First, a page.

For the umpire at the centre of cricket's first ball-tampering row almost 30 years ago, the current crisis surrounding Pakistan captain Inzamam-ul-Haq is a case of déjà vu.
The ball-tampering saga has dominated cricket headlines
Judah Reuben, now 84, has been closely following the Oval Test controversy which will result in a two-day inquiry in London later this month.
The basis for the ball-tampering allegation which led to England being awarded the match by forfeit has not been made public, but Pakistan have steadfastly maintained their innocence.
To help resolve the matter, the International Cricket Council has announced the possibility of sending the ball used on the final afternoon to a laboratory for forensic analysis.
It is a situation which carries some echoes of events in January 1977 during a Test match between India and England in Madras (now Chennai).
India had lost the first two Tests to Tony Greig's side and were struggling in the third as John Lever, playing in his debut series, caused havoc with his left-arm swing bowling.
"It was on the third day of the Test match that I noticed a gauze strip lying on the bowler's run up which I picked up and noticed had a sticky substance on it.
"When I brought it to the notice of Greig he told me it was vaseline and had been used by the bowlers to prevent sweat from trickling into their eyes," Reuben told BBC Sport.
Reuben and fellow umpire MS Sivasankariah submitted a letter about the matter to India's Board of Control (BCCI) and a piece of the gauze.
JOHN LEVER v INDIA 1976-77
1st Test, Delhi
2nd Test, Calcutta
3rd Test, Madras
4th Test, Bangalore
5th Test, Bombay
26 wickets, average 14.61
In the letter, they claimed: "There was every possibility of this greasy substance being used along with the sweat on the ball to retain the shine."
Greig and the England team management categorically denied any wrongdoing on their part.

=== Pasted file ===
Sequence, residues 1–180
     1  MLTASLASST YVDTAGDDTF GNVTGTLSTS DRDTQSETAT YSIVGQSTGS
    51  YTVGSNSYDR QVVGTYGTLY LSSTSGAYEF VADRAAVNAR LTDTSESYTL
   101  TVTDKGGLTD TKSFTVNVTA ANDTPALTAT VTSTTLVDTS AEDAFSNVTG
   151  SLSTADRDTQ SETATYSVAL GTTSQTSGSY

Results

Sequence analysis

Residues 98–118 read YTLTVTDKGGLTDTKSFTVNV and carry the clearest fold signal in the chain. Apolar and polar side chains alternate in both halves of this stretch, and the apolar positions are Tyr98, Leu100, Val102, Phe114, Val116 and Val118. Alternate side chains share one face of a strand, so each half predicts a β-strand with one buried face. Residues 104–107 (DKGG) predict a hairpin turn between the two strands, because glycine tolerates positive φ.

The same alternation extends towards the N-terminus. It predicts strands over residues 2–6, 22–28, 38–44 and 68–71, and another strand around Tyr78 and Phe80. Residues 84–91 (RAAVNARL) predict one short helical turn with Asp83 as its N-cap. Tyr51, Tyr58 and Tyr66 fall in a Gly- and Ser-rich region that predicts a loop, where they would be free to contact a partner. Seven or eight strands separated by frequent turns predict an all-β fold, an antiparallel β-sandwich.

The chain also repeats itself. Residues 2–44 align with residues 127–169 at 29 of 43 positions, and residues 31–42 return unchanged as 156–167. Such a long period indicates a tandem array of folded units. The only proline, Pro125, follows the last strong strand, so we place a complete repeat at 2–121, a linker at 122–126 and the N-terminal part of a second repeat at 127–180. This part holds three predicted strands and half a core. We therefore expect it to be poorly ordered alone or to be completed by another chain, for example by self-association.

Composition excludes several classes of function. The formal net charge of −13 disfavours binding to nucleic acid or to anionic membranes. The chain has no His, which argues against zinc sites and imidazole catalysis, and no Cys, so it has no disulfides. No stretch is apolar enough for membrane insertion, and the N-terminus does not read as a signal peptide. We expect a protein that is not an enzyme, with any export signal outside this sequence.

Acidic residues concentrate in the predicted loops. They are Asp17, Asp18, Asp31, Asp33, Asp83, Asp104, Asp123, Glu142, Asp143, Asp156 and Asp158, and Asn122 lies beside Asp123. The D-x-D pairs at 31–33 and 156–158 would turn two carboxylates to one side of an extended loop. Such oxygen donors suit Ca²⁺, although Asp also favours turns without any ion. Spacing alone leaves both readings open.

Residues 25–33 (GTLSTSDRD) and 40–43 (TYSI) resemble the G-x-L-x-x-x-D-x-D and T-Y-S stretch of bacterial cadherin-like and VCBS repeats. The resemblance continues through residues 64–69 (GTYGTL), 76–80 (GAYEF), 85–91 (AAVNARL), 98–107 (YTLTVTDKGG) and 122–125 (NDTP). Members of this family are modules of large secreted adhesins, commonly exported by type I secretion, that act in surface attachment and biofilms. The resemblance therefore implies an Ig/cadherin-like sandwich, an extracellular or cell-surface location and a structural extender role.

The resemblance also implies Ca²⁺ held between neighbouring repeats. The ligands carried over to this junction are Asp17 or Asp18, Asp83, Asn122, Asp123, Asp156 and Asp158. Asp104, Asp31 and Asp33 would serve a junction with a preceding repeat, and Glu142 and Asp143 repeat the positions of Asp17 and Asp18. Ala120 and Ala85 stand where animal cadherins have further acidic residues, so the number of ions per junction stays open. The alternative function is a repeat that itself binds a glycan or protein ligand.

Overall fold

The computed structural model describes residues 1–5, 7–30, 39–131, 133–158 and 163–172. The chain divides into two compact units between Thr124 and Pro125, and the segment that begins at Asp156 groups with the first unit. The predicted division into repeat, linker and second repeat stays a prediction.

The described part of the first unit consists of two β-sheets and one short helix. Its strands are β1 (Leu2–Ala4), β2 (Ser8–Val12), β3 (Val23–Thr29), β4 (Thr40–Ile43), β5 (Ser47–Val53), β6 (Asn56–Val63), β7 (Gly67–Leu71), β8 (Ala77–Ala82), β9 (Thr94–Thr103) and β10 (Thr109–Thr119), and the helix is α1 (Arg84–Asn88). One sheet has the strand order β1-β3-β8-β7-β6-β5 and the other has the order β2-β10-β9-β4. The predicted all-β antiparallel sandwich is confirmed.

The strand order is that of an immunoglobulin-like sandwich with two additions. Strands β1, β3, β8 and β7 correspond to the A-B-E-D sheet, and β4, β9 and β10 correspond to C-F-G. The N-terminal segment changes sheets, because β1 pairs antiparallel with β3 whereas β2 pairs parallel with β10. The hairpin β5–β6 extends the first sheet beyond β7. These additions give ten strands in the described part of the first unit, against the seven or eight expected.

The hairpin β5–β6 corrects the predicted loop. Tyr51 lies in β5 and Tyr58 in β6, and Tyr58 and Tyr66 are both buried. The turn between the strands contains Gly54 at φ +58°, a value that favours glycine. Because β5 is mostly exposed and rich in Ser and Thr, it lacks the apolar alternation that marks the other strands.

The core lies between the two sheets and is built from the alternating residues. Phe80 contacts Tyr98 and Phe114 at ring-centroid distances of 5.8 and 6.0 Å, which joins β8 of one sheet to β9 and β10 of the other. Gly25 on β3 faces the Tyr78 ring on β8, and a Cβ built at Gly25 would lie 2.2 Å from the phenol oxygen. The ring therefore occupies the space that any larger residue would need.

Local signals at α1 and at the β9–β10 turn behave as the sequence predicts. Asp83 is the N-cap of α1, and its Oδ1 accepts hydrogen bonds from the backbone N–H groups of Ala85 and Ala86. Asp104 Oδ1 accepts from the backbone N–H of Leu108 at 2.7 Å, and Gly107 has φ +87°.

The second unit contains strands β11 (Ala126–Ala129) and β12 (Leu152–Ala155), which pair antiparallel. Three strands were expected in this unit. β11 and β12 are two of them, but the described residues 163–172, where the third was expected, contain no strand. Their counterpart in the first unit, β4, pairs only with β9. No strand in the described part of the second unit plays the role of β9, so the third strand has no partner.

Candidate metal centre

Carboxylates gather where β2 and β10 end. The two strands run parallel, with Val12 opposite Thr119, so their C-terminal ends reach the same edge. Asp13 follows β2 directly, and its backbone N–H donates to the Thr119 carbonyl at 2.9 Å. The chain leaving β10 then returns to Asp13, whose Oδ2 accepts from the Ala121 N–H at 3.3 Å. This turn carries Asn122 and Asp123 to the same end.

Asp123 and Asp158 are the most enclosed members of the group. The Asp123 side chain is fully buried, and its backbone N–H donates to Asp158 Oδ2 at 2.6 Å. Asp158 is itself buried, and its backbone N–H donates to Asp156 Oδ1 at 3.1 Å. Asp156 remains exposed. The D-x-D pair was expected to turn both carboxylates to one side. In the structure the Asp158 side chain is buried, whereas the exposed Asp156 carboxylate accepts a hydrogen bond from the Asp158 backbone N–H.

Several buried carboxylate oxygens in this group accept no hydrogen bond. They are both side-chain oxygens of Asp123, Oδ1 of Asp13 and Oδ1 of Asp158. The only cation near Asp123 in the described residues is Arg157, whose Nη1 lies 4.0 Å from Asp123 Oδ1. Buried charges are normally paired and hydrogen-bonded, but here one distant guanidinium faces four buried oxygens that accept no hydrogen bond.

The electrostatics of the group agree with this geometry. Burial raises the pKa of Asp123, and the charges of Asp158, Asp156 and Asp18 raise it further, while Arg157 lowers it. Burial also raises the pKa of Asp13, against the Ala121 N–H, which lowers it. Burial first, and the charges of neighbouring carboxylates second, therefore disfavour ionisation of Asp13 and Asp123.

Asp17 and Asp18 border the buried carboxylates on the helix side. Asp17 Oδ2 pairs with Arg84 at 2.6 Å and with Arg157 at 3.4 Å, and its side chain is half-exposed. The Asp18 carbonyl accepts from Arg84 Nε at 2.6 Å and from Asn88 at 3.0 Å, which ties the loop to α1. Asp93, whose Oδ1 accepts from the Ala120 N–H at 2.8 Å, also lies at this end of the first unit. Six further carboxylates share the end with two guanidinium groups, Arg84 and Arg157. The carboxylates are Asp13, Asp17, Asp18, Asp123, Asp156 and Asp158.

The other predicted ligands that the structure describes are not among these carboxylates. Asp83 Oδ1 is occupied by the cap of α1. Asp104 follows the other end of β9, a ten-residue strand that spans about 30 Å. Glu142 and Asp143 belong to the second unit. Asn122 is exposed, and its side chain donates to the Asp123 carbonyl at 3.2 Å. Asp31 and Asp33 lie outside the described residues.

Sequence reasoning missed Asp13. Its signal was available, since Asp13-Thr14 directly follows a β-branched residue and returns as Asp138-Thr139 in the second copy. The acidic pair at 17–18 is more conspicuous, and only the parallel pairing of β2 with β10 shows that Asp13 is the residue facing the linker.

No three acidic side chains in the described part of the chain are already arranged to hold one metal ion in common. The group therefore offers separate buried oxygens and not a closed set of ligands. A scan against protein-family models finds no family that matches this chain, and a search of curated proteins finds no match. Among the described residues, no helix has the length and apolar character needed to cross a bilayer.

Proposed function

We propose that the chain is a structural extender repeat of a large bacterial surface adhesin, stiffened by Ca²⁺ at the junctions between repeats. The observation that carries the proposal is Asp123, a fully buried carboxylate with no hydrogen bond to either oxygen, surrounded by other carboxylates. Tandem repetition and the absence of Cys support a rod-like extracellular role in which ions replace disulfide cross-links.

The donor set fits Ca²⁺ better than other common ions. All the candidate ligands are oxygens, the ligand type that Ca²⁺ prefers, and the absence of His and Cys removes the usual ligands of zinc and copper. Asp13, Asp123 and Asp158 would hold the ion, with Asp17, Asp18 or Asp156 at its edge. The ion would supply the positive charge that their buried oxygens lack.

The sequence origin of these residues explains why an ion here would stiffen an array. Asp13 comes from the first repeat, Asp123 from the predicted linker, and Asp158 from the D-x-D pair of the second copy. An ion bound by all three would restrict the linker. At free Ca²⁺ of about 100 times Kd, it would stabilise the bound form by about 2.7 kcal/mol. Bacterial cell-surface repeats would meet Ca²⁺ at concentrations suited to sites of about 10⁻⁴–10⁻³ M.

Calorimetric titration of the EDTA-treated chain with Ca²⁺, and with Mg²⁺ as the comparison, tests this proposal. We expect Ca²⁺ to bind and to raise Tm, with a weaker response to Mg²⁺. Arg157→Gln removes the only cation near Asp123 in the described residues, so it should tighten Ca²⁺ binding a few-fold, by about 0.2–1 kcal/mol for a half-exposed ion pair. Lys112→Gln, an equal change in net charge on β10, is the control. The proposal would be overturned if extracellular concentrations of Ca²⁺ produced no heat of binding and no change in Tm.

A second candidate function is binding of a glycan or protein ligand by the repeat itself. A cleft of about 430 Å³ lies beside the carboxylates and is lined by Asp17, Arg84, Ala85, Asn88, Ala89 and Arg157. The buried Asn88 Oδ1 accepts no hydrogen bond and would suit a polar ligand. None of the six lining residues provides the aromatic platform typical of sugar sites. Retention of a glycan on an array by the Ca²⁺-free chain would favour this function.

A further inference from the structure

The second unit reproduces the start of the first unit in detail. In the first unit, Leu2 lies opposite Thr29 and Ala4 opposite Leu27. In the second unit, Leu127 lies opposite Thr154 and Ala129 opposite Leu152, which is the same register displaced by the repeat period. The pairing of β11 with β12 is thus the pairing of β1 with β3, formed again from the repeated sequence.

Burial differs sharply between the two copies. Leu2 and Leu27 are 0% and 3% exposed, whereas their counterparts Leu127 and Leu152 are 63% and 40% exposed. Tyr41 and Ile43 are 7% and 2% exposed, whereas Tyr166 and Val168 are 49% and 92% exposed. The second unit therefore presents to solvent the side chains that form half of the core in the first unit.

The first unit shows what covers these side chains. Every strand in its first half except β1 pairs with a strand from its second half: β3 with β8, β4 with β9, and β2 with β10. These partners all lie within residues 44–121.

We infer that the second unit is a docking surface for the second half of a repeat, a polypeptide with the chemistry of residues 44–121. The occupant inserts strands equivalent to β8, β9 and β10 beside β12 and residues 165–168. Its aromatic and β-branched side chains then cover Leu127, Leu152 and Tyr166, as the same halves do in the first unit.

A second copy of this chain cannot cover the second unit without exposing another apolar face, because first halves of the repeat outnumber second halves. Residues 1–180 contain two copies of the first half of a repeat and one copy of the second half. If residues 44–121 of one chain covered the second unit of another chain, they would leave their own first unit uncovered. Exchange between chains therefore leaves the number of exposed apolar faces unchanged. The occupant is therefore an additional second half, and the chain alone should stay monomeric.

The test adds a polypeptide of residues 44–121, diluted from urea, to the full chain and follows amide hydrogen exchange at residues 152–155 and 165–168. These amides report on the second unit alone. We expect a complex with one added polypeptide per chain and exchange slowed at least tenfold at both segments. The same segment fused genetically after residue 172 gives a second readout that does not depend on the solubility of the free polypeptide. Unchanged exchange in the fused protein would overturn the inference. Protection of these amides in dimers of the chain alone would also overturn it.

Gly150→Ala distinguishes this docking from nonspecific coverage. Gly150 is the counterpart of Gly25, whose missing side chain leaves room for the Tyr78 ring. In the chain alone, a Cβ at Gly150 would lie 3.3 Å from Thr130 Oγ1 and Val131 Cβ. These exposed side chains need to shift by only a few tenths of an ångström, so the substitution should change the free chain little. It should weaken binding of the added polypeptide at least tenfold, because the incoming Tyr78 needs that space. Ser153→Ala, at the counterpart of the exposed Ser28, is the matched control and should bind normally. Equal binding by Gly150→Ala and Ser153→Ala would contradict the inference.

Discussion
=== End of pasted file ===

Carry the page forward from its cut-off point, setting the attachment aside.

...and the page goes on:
But the incident resulted in an outcry and prompted the BCCI to initially announce the ball and the gauze would be submitted to a lab in Madras for analysis.
It is not known if such tests were carried out but if they were, the results never saw the light of day.
"I was told the whole thing was hushed up by the Board in order not to damage relations with England," said Reuben, also a former finger print expert for the Bombay police.
"I only wish they had given me the ball as a souvenir."
Reuben is not convinced laboratory analysis would be a good idea in the current situation.
"Going through (with) such a test would mean converting the whole issue into a police case," he commented.
But he believes umpires Darrell Hair and Billy Doctrove were correct to award the Oval Test to England by forfeit.
"Once the Pakistanis did not come onto the field on time after the tea interval, they automatically conceded the game. The umpires were only following the laws after all.
"Some have said the law is an ass; I say the law is the law."
Reuben stood in 10 Tests, the last of which was the game in Madras because he had reached the retirement age for umpires.
It could be that The Oval was Hair's final Test with the pressure on over his subsequent offer to resign in exchange for $500,000.